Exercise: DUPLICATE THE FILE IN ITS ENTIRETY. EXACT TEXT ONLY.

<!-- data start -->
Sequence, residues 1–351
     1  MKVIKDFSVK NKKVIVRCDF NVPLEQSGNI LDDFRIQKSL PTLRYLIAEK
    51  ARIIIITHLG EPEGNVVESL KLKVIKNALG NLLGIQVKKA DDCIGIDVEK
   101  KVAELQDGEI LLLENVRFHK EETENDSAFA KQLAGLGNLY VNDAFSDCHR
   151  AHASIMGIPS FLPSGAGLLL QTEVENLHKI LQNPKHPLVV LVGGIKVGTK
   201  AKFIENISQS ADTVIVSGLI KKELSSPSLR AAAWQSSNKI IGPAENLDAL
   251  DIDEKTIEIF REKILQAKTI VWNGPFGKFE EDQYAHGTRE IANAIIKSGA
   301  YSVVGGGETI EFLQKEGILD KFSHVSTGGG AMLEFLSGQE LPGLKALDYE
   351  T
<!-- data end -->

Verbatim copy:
Sequence, residues 1–351
     1  MKVIKDFSVK NKKVIVRCDF NVPLEQSGNI LDDFRIQKSL PTLRYLIAEK
    51  ARIIIITHLG EPEGNVVESL KLKVIKNALG NLLGIQVKKA DDCIGIDVEK
   101  KVAELQDGEI LLLENVRFHK EETENDSAFA KQLAGLGNLY VNDAFSDCHR
   151  AHASIMGIPS FLPSGAGLLL QTEVENLHKI LQNPKHPLVV LVGGIKVGTK
   201  AKFIENISQS ADTVIVSGLI KKELSSPSLR AAAWQSSNKI IGPAENLDAL
   251  DIDEKTIEIF REKILQAKTI VWNGPFGKFE EDQYAHGTRE IANAIIKSGA
   301  YSVVGGGETI EFLQKEGILD KFSHVSTGGG AMLEFLSGQE LPGLKALDYE
   351  T